What are the requirements for being Pope?

Not really the question, but the full thing would be too long. What are the requirements for being eligible to be voted Pope? I’d guess “being male” would be one of them, and “be a Catholic” another; are there more?

In all seriousness, no, those are it. As Pope, of course, he has to be a bishop, but he need not be one at the time of election. There are, I believe, a few historical incidents where the Pope-elect was not a bishop at time of election – and, while not for Pope, St. Ambrose was a layman when chosen Archbishop and Patriarch of Milan, and was ordained deacon, priest, and bishop on each of three consecutive days before being installed in his new see.

In practice, of course, the Cardinals, all of whom are bishops and the vast majority archbishops of long experience, will normally choose one of their own number, and in any case a bishop with experience. But the minimum requirements for the job are to be a male baptized Catholic, one whom the College of Cardinals is led to choose for the job.

Wow. That was an incredibly accurate and brief post, comprising all relevant information.

Polycarp is one of the greatest people on here. Hurrah for Polycarp.

Does the Pope actually have to be male? Tradition and ‘Pope Joan’ aside, could the College of Cardinals elect a woman?

“Tradition aside” is begging the question, really.

Pretty sure you have to be Catholic.

Polycarp for Pope!

I thought that Poly was Episcopal? Or maybe Anglican …?

Sill, that would be cool. There’s been too many Catholic Popes for my tastes. That giant spider thing just really creeps me out.

Joan was a myth.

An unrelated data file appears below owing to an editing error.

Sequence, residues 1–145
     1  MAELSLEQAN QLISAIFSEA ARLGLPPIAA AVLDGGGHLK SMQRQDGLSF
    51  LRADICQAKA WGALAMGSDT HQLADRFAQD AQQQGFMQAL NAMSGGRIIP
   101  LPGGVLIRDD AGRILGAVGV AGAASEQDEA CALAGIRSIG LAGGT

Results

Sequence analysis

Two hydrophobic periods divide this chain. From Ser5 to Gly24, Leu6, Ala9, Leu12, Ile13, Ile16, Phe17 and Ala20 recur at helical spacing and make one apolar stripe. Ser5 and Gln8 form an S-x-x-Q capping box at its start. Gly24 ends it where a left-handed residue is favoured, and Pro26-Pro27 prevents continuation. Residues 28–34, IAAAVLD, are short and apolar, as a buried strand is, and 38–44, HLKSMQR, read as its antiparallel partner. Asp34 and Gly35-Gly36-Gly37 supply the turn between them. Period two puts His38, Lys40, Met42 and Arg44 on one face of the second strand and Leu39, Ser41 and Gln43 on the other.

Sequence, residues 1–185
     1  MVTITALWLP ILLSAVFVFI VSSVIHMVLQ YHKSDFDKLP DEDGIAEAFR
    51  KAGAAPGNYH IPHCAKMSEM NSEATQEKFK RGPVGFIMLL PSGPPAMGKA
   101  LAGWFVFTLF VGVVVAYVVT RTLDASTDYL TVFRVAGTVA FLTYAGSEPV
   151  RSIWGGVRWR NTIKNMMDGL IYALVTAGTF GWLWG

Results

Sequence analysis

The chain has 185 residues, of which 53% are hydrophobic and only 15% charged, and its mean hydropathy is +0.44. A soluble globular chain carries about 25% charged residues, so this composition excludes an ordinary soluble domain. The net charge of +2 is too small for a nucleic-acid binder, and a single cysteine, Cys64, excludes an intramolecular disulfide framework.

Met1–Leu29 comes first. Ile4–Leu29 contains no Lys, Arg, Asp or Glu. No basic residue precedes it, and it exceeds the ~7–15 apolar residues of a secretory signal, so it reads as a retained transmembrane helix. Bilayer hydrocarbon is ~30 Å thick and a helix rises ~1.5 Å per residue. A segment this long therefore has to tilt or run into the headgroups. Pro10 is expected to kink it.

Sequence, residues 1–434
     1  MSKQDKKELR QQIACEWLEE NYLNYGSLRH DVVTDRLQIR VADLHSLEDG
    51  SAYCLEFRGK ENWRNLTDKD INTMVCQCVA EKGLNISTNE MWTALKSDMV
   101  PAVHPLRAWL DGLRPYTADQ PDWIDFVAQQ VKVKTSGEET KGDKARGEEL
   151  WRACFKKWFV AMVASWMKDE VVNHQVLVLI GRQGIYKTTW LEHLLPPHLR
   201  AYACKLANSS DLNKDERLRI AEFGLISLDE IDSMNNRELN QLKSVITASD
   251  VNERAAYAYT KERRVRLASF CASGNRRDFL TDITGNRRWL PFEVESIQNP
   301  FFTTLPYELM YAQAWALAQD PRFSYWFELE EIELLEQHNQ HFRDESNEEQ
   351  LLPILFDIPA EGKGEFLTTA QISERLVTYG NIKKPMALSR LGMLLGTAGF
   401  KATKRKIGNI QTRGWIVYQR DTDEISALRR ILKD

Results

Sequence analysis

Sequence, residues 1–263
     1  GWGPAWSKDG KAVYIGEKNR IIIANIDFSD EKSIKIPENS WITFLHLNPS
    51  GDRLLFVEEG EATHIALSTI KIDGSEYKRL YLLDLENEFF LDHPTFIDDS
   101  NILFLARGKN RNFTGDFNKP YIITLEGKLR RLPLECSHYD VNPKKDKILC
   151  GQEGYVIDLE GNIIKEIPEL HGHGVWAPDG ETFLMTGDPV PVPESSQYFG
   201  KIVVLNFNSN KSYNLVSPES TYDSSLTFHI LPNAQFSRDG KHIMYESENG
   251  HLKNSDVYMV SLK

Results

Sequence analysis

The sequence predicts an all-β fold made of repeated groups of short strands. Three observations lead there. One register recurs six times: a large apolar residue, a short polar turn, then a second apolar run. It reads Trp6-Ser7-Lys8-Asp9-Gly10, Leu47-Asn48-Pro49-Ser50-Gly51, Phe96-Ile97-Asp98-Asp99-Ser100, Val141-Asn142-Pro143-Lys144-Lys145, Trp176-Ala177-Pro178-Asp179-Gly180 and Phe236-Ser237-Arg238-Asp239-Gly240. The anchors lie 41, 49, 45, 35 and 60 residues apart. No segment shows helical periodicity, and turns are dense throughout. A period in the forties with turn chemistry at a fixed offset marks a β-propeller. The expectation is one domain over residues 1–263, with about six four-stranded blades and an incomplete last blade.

Father Guido Sarducci

It’s all about the hat.

WAYYYY back in my religeon class in grade school the teacher told us of an election back in the Middle Ages where they couldn’t come up with a suitable candidate, so they went with the Abbot of some monastery.

The guy couldn’t hack it, so he abdicated and went back to being the Abbot.

Don’t know what his name was, but I’m sure he wasn’t called “Bud”.

And also in the practical sense, the current Apostolic Constitutions & Canon Laws do provide for specific education, time-in-rank, time-in-service requirements for the orders from layman to deacon to priest to bishop. Those can be waived by a sitting Pope, but I recall from the time of the JP2/B16 succession that it’s not 100% clear if an interregnal Conclave gets that authority. Bricker is probably the one who can give us the exact Canon Law about this.

Indeed. As was, alas, the special chair with the hole in it on which a putative Pope would sit while a fellow Cardinal put his hand underneath and, if all was as it should be, solemnly asseverated, “Testiculos habet!”

Well, the space Pope is a reptile. It looks male though.

I’m pretty sure you’re thinking of Celstine V.

He was a monk who lived as an ascetic hermit. He didn’t really want to be Pope, and hated the job so much that he tried to leave it. Problem is, his successor, Boniface VIII, didn’t trust him (he feared constantly that enemies would try to re-install Celestine and use him as a puppet).

So, poor Celestine was kept imprisoned by Boniface… who MAY have murdered him (all we know for sure is, Celestine died in prison).

Interestingly, in Dante’s “Inferno,” Celestine is shown in Hell, for being a coward who shirked his duty.

Wasn’t that “special chair” a Roman birthing stool built for Roman empresses?

So they don’t have any toilets in the Vatican?


Being Pope requires being a bishop. Only males can be ordained bishops (or priests or deacons) in the Catholic church. So yes, the Pope must be male.

The Pope need not be a bishop at the time of his election. The Apostolic Constitution Universi Dominici Gregis that sets out the current rules and regulations regarding papal elections makes that very clear in paragraph 88: